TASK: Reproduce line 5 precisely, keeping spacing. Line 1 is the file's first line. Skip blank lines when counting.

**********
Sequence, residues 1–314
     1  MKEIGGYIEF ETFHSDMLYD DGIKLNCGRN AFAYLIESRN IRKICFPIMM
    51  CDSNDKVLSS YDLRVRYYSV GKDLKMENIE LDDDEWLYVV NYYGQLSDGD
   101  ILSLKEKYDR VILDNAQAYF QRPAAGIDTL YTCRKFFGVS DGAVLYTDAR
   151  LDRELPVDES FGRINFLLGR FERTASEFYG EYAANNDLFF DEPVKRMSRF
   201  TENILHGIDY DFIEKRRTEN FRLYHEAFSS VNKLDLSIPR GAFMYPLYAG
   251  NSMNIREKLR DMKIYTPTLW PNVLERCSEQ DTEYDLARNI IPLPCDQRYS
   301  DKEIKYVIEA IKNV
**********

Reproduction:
   151  LDRELPVDES FGRINFLLGR FERTASEFYG EYAANNDLFF DEPVKRMSRF